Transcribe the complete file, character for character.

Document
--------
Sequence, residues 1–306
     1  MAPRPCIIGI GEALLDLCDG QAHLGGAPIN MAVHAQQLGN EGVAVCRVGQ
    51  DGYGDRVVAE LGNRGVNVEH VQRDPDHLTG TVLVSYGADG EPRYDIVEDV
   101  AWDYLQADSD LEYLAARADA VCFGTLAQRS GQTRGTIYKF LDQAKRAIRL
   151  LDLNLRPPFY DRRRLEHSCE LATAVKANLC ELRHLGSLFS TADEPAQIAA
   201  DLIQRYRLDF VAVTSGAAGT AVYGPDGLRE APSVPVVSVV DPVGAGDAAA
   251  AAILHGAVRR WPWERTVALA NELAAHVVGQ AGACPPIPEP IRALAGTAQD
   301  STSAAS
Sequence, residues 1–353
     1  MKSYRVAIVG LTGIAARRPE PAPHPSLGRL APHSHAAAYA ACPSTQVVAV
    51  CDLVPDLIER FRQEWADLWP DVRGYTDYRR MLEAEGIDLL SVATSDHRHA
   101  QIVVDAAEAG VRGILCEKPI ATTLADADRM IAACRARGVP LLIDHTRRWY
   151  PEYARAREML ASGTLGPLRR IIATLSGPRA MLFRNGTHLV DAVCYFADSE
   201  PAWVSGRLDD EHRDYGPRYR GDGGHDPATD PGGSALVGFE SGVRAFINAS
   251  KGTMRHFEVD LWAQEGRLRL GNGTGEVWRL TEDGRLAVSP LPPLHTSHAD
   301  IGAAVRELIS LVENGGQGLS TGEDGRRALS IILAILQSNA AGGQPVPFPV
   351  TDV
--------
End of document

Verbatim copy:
Sequence, residues 1–306
     1  MAPRPCIIGI GEALLDLCDG QAHLGGAPIN MAVHAQQLGN EGVAVCRVGQ
    51  DGYGDRVVAE LGNRGVNVEH VQRDPDHLTG TVLVSYGADG EPRYDIVEDV
   101  AWDYLQADSD LEYLAARADA VCFGTLAQRS GQTRGTIYKF LDQAKRAIRL
   151  LDLNLRPPFY DRRRLEHSCE LATAVKANLC ELRHLGSLFS TADEPAQIAA
   201  DLIQRYRLDF VAVTSGAAGT AVYGPDGLRE APSVPVVSVV DPVGAGDAAA
   251  AAILHGAVRR WPWERTVALA NELAAHVVGQ AGACPPIPEP IRALAGTAQD
   301  STSAAS
Sequence, residues 1–353
     1  MKSYRVAIVG LTGIAARRPE PAPHPSLGRL APHSHAAAYA ACPSTQVVAV
    51  CDLVPDLIER FRQEWADLWP DVRGYTDYRR MLEAEGIDLL SVATSDHRHA
   101  QIVVDAAEAG VRGILCEKPI ATTLADADRM IAACRARGVP LLIDHTRRWY
   151  PEYARAREML ASGTLGPLRR IIATLSGPRA MLFRNGTHLV DAVCYFADSE
   201  PAWVSGRLDD EHRDYGPRYR GDGGHDPATD PGGSALVGFE SGVRAFINAS
   251  KGTMRHFEVD LWAQEGRLRL GNGTGEVWRL TEDGRLAVSP LPPLHTSHAD
   301  IGAAVRELIS LVENGGQGLS TGEDGRRALS IILAILQSNA AGGQPVPFPV
   351  TDV